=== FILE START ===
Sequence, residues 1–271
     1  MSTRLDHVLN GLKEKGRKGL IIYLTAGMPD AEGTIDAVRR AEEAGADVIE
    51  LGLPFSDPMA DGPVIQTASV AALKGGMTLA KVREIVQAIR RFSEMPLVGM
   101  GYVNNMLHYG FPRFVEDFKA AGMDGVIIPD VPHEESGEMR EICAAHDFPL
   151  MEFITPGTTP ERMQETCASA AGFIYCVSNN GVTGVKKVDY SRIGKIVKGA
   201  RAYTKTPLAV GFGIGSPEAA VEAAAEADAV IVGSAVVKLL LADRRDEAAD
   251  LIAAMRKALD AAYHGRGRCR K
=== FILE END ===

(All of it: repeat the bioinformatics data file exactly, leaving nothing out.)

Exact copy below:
Sequence, residues 1–271
     1  MSTRLDHVLN GLKEKGRKGL IIYLTAGMPD AEGTIDAVRR AEEAGADVIE
    51  LGLPFSDPMA DGPVIQTASV AALKGGMTLA KVREIVQAIR RFSEMPLVGM
   101  GYVNNMLHYG FPRFVEDFKA AGMDGVIIPD VPHEESGEMR EICAAHDFPL
   151  MEFITPGTTP ERMQETCASA AGFIYCVSNN GVTGVKKVDY SRIGKIVKGA
   201  RAYTKTPLAV GFGIGSPEAA VEAAAEADAV IVGSAVVKLL LADRRDEAAD
   251  LIAAMRKALD AAYHGRGRCR K